Islamists  quoted by The New York Times underscore the inherent contradiction between the concept of Western democracy and radical Islam.

“We don’t believe in democracy to begin with; it’s not part of our ideology. But we accepted it and we followed them and then this is what they do,” the newspaper  quoted an Islamist described as  a trader and named Mohammed Taha. “They’re protesting against an elected democracy.”

“This is a conspiracy against religion. They just don’t want an Islamist group to rule,” his friend told the newspaper.

On the other side of the field of battle are those against Morsi, such as Mohammed Saleh, a laborer, who told the Times, “God willing, there will be no Muslim Brother left in the country today. Let them get exiled or find rocks to hide underneath like they used to do, or go to prisons, it doesn’t matter. No such a thing as ‘an Islamist party’ shall exist after today.”

IDF, Egyptian Army and Hamas on High Alert at Borders

Wednesday, July 3rd, 2013

The Israeli and Egyptian armies and the Hamas regime in Gaza are on high alert at Sinai and Gaza borders and near smuggling tunnels, according to eyewitnesses quoted by the Egyptian Independent.

Police stations, the airport at El Arish, the Kerem Shalom crossing, jails and entry points are under heavy security.

 

Chaos in Egypt: Obama Backed Another Wrong Horse

Tuesday, July 2nd, 2013

The Egyptian army military announced on Tuesday it will establish an interim regime if Mohammed Morsi cannot come to an agreement with opposition forces by Wednesday night, a virtual impossibility.

The army insisted it is not intending to rule the country, but in effect it plans to unilaterally dissolve the legislature and appoint Egypt’s chief justice to head Egypt, a threat that has sent the Obama administration running in all directions.

President Barack Obama is suffering another foreign policy flop in the Middle East, where he and his officials previously gave its total support to the Palestinian Authority, which then turned its back on the United States “peace process.” Washington backed Syrian President Bassar al-Assad at the beginning of the protest movement there more than two years ago, and officials insist on making peace with Taliban terrorists.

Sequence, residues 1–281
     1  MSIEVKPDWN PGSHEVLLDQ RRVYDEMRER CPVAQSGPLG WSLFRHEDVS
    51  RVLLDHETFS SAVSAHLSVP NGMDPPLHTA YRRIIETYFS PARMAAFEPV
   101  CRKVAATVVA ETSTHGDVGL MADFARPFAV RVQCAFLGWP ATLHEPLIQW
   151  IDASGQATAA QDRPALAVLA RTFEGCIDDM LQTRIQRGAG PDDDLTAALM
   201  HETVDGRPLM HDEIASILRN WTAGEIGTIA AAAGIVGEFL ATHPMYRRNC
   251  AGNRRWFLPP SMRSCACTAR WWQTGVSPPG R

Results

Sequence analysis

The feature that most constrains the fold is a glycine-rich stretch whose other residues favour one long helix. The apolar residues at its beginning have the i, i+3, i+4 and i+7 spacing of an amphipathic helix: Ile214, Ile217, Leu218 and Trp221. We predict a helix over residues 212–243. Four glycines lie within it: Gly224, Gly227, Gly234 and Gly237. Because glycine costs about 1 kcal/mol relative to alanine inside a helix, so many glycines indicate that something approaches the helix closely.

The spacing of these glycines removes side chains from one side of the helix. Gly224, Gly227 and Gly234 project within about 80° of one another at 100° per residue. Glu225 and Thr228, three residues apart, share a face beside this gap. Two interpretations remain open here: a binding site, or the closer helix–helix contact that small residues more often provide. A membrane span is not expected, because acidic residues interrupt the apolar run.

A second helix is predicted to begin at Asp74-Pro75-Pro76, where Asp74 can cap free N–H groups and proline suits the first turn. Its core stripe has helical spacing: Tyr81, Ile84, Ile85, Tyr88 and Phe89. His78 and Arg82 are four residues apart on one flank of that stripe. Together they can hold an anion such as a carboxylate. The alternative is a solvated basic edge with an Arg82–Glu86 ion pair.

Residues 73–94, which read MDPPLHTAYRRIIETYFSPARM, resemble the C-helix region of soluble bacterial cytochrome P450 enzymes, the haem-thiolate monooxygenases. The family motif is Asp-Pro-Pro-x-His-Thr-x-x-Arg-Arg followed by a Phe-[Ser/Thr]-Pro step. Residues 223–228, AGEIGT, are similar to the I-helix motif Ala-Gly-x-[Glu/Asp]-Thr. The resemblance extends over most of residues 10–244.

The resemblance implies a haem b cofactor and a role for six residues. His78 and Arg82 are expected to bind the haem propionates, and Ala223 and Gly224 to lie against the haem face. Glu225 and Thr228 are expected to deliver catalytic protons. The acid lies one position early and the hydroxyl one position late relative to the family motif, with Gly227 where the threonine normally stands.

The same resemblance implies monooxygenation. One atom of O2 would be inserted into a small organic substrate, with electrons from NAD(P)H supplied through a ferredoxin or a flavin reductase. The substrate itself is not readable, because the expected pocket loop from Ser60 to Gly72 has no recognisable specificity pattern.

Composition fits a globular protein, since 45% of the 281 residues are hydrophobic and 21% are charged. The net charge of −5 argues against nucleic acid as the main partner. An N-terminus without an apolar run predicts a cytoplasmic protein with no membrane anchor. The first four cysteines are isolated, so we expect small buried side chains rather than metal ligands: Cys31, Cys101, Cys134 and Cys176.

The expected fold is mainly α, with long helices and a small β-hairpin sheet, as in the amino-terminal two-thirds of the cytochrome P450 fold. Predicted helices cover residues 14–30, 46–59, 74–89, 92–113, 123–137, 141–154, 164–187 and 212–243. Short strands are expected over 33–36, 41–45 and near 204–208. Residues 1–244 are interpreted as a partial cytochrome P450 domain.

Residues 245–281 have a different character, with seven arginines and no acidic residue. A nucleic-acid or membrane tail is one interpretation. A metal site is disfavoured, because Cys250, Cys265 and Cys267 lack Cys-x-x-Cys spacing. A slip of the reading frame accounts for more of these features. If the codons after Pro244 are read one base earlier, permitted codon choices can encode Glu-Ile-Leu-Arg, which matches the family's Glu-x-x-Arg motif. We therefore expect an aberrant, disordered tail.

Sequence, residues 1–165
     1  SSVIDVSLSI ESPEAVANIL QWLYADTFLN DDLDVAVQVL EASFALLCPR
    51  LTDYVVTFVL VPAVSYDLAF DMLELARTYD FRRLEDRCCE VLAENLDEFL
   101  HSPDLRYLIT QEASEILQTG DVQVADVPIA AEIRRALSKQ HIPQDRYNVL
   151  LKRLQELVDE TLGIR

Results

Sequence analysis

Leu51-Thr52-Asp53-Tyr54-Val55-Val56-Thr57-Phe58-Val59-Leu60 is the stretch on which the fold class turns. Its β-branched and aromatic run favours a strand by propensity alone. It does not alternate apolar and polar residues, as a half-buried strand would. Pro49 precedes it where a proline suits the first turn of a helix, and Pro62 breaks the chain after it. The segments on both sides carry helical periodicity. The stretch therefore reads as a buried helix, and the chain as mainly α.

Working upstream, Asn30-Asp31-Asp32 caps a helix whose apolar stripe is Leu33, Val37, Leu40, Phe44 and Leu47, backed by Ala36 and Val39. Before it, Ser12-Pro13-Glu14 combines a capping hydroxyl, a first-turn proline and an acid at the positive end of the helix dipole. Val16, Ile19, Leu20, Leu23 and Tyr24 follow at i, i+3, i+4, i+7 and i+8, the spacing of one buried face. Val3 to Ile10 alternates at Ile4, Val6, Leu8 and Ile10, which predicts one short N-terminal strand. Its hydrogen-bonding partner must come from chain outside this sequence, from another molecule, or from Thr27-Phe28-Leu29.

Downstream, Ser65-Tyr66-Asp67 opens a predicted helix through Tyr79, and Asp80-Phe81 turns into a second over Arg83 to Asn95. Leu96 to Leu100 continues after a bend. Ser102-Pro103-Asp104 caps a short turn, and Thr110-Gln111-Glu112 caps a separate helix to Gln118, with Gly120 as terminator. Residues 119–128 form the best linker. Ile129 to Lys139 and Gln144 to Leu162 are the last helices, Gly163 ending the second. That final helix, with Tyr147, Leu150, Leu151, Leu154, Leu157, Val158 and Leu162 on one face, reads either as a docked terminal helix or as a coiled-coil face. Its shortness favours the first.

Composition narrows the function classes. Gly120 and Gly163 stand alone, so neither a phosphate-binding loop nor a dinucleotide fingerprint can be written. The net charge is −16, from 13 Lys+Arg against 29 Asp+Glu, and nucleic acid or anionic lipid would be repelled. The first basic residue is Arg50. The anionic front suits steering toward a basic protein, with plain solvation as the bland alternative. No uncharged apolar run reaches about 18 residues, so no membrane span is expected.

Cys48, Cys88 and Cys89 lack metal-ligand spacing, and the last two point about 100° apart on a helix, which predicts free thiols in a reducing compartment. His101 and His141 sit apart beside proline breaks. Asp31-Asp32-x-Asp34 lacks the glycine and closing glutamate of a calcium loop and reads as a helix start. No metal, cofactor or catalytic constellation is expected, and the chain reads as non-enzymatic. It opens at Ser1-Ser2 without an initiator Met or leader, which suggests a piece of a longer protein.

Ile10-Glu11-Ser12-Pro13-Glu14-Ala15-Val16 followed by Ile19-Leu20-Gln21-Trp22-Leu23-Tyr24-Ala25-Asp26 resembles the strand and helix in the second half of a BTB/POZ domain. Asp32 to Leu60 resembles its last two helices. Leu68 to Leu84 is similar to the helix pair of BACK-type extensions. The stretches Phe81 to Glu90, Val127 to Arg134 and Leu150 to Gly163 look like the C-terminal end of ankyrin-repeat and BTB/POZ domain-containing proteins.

And now, one year after having excitingly knighting Morsi as the democratic leader of Egypt following the American-backed ouster of Hosni Mubarak, the Obama administration is frantic at the prospect of another military regime controlling the military aid that Washington offers Cairo.

Violence in Egypt continues. Four more people were killed in clashes on Tuesday. The Muslim Brotherhood has brought out tens of thousands of supporters, many of them armed with clubs, to march in support of him while millions of demonstrators maintain that the only compromise Morsi can make with them is to resign.

The chaos in Cairo is mirrored in Washington.

The Obama administration has suggested to Morsi that he call for early elections, according to officials who spoke on anonymity.

“No, No,” said the State Dept. Nothng of the sort. “The reports that we have been urging early elections are inaccurate,” State spokesman Jen Psake told reporters Tuesday.

President Obama said in Tanzania during the last part of his current  trip to Africa, “Our commitment to Egypt has never been around any particular individual or party. Our commitment has been to a process.”

Really?

The Obama administration was so enamored by the Arab Spring rebellion against the Mubarak regime that it  voted to end a stable and corrupt regime for one that has turned out to be unstable and corrupt.

“The U.S. government’s attitude has been we would deal with a democratically elected government,” Obama said Tuesday. “Democracy is not just about elections — it’s also about how are you working with an opposition?”

Give the United States a democracy, and everything will be just fine.

It is not only the Obama administration that has made democracy unsafe for the Middle East. The Bush administration was not better, having patted itself on the back for introducing democratic elections to the Palestinian Authority as a model for other Arab countries in the region.

And Hamas capped off the model with a parliamentary victory. The terrorist organization then gave the United States a lesson in democracy, Middle East style, and staged a military coup to oust the Fatah party, headed by chairman Mahmoud Abbas, from Gaza.

In Egypt, it is déjà vu. In Cairo’s Tahrir Square, where demonstrators accused the United States three years of backing the dictatorship of Mubarak, a sign declared that the U.S. president supports “dictator Morsi.”

The prospects of a military regime scare the Obama administration no less than Morsi’s staying in power and leading the country into civil war.

The Pentagon provides Egypt with $1.3 billion a year in military sales, a gift for Cairo’s signing a peace treaty with Israel in 1979. The military aid has emboldened the Egyptian to stand up to Morsi. On the other hand, as Politico noted on Tuesday, the Pentagon can threaten the military with a halt in aid if it pulls off a coup.

But in the Middle East, “negotiations” are ultimatums,” a “peace treaty” is a “piece of paper, and an “interim regime” is a “coup.”

A coup? God forbid.

“The beliefs and the culture of the Armed Forces do not allow pursuit of a ‘coup’ policy,” the military said, adding the military acts only “with the will of the great Egyptian people and their ambitions towards change and reform.”

 

Printed from: http://www.jewishpress.com/news/chaos-in-egypt-obama-backed-another-wrong-horse/2013/07/02/